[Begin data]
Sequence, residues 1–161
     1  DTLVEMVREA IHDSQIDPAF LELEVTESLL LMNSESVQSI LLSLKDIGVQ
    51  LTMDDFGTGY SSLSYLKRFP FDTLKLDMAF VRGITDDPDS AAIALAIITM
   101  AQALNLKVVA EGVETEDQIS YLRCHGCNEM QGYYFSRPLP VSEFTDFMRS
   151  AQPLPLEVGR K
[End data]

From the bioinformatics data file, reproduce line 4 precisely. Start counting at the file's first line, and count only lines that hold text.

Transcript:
   101  AQALNLKVVA EGVETEDQIS YLRCHGCNEM QGYYFSRPLP VSEFTDFMRS